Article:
Gold Hill and Alfred the Great blue plaque in Shaftesbury
An artist's impression of a busy market day at the top of Gold Hill before the current Town Hall was built in 1827.
The main features still in place are Shaftesbury Abbey precinct wall on the right together with the Sun and Moon Inn just below the church.
The six sheep in a pen in the front of the illustration represent a tenant's right to keep these animal's - as bestowed on all cottages on Gold Hill. This permission remains in place to the present day!
King Alfred founded Shaftesbury Abbey in AD888 - it was the first nunnery not connected to a male community and became the model for all other Royal nunneries. His daughter Aethelgifu, was the first Abbess.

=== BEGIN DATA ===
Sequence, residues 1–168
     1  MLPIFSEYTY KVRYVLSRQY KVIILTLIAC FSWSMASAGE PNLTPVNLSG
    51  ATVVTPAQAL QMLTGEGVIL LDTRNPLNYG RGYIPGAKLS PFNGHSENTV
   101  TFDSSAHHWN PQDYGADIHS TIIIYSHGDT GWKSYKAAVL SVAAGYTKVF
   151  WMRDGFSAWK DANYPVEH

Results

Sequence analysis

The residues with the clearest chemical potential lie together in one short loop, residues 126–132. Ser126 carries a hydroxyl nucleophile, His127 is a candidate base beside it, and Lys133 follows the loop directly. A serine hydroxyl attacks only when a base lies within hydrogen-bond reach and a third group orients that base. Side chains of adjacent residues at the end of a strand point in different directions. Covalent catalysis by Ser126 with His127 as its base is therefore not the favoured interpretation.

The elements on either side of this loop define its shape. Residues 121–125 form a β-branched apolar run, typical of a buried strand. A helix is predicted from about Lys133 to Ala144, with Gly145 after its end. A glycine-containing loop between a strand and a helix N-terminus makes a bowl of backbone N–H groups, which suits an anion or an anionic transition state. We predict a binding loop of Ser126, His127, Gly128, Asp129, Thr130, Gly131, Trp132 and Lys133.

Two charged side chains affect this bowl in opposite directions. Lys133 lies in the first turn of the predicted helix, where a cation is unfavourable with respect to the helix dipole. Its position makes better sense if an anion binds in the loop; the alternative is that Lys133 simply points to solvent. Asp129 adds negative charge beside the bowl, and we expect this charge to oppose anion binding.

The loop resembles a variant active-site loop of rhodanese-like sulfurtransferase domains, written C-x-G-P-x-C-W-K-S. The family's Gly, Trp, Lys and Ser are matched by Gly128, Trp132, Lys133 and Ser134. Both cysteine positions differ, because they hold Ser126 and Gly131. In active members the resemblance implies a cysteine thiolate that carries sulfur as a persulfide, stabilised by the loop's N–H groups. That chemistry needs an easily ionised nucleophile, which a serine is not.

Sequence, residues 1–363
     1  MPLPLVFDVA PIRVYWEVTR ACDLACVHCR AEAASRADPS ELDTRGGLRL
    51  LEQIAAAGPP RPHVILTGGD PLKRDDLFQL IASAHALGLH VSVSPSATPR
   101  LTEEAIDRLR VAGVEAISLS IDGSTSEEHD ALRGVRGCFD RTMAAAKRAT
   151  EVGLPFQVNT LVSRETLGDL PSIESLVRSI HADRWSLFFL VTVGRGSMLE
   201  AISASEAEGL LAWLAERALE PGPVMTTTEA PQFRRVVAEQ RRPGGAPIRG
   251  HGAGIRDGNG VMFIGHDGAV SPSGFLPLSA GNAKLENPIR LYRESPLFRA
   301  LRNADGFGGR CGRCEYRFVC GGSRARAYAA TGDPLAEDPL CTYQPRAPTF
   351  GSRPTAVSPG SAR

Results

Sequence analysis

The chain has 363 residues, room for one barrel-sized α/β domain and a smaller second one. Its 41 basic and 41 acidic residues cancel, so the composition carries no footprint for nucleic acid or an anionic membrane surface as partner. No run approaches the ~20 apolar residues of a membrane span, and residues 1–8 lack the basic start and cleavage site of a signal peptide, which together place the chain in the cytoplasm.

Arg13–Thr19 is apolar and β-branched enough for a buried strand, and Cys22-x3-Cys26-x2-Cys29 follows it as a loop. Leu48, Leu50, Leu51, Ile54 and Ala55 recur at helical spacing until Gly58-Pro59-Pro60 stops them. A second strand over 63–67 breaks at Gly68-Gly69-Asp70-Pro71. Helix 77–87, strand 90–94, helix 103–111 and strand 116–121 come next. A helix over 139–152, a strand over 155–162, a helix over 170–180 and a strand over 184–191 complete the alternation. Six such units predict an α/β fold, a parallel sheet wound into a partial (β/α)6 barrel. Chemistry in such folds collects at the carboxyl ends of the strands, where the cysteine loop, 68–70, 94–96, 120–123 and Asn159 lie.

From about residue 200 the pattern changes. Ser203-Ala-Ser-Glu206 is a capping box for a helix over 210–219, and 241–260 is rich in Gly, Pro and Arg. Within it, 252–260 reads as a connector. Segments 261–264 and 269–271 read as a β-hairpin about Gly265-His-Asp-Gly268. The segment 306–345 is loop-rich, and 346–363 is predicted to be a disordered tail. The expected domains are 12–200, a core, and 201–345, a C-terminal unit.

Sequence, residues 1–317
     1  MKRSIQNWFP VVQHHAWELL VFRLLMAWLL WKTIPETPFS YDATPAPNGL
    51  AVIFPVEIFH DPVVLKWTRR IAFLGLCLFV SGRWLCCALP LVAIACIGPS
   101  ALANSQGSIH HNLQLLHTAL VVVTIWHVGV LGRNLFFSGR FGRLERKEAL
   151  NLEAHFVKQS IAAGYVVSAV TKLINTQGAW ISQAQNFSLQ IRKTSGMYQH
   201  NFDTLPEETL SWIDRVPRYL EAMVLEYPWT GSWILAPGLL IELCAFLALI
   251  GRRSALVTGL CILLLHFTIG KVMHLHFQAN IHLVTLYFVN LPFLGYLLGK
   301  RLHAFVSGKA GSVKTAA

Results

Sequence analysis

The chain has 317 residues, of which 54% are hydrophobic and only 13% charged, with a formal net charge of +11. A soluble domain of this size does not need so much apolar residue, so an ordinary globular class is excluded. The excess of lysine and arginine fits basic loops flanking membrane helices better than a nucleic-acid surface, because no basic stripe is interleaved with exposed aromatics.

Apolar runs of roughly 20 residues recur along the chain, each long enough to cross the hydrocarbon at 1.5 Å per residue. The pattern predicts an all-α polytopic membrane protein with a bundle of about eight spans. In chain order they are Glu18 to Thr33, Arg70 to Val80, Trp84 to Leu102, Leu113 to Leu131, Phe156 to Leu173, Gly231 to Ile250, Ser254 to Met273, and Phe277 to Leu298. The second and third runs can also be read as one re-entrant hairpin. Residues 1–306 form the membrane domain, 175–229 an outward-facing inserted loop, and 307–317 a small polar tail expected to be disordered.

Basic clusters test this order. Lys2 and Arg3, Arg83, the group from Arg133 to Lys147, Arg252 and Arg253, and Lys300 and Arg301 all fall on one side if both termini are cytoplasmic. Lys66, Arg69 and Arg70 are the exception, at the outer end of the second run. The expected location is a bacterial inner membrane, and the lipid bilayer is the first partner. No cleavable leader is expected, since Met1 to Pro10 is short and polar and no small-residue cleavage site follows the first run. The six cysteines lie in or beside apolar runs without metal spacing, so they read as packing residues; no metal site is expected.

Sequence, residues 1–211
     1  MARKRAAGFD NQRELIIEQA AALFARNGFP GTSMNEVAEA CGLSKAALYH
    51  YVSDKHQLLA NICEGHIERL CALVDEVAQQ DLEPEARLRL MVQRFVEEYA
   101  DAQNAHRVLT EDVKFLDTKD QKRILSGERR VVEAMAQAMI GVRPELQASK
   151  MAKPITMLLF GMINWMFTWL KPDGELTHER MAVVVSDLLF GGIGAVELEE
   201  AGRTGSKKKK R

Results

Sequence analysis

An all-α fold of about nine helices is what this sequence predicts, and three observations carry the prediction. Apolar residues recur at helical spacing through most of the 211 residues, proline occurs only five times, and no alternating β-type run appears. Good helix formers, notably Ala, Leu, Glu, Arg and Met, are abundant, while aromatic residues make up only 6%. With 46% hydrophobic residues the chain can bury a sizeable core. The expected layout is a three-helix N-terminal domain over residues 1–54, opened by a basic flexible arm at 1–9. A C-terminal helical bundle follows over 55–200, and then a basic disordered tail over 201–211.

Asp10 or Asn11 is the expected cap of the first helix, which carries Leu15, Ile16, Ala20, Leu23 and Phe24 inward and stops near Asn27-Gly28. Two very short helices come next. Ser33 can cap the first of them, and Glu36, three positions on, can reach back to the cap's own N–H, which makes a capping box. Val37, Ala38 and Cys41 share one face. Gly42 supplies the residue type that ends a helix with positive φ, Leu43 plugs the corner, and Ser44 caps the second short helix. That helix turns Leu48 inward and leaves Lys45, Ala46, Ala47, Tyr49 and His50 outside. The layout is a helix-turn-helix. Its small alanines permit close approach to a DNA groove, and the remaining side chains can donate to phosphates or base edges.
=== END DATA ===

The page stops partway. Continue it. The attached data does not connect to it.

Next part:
Other items in the picture include the Poultry Cross, a Fish Stall and an Apple Tree Seller occupying regular sites in this thriving market place.
Artist: Janet Swiss (who also provided a complementary mural of the same period in Swans Yard, off the High Street).
Alfred the Great (849 – 26 October 899) (Old English: Ælfrēd, Ælfrǣd, "elf counsel") was King of Wessex from 871 to 899.Alfred successfully defended his kingdom against the Viking attempt at conquest, and by the time of his death had become the dominant ruler in England. He is the only English monarch to be accorded the epithet "the Great". Alfred was the first King of the West Saxons to style himself "King of the Anglo-Saxons".Details of Alfred's life are described in a work by the 10th century Welsh scholar and bishop Asser. Alfred's reputation has been that of a learned and merciful man who encouraged education and improved his kingdom's legal system, military structure and his people's quality of life.